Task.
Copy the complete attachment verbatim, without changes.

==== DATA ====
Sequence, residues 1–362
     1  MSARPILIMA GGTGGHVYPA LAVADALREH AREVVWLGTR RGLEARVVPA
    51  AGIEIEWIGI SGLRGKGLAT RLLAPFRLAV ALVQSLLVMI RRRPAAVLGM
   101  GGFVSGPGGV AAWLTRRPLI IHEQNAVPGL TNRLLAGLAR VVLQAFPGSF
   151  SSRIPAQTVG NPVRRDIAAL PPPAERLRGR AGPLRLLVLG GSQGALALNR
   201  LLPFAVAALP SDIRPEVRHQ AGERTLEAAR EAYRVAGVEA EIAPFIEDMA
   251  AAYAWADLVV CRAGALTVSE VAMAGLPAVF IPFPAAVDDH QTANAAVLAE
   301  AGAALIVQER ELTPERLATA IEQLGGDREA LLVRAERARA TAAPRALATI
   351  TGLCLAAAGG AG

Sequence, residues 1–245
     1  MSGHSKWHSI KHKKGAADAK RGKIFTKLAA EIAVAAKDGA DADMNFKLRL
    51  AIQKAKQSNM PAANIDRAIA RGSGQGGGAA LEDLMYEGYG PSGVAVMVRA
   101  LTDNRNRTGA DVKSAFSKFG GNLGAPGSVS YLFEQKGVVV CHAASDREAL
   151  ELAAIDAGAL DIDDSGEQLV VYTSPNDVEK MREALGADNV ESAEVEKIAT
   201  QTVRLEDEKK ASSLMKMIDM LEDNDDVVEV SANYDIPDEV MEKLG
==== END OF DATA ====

Sequence, residues 1–362
     1  MSARPILIMA GGTGGHVYPA LAVADALREH AREVVWLGTR RGLEARVVPA
    51  AGIEIEWIGI SGLRGKGLAT RLLAPFRLAV ALVQSLLVMI RRRPAAVLGM
   101  GGFVSGPGGV AAWLTRRPLI IHEQNAVPGL TNRLLAGLAR VVLQAFPGSF
   151  SSRIPAQTVG NPVRRDIAAL PPPAERLRGR AGPLRLLVLG GSQGALALNR
   201  LLPFAVAALP SDIRPEVRHQ AGERTLEAAR EAYRVAGVEA EIAPFIEDMA
   251  AAYAWADLVV CRAGALTVSE VAMAGLPAVF IPFPAAVDDH QTANAAVLAE
   301  AGAALIVQER ELTPERLATA IEQLGGDREA LLVRAERARA TAAPRALATI
   351  TGLCLAAAGG AG

Sequence, residues 1–245
     1  MSGHSKWHSI KHKKGAADAK RGKIFTKLAA EIAVAAKDGA DADMNFKLRL
    51  AIQKAKQSNM PAANIDRAIA RGSGQGGGAA LEDLMYEGYG PSGVAVMVRA
   101  LTDNRNRTGA DVKSAFSKFG GNLGAPGSVS YLFEQKGVVV CHAASDREAL
   151  ELAAIDAGAL DIDDSGEQLV VYTSPNDVEK MREALGADNV ESAEVEKIAT
   201  QTVRLEDEKK ASSLMKMIDM LEDNDDVVEV SANYDIPDEV MEKLG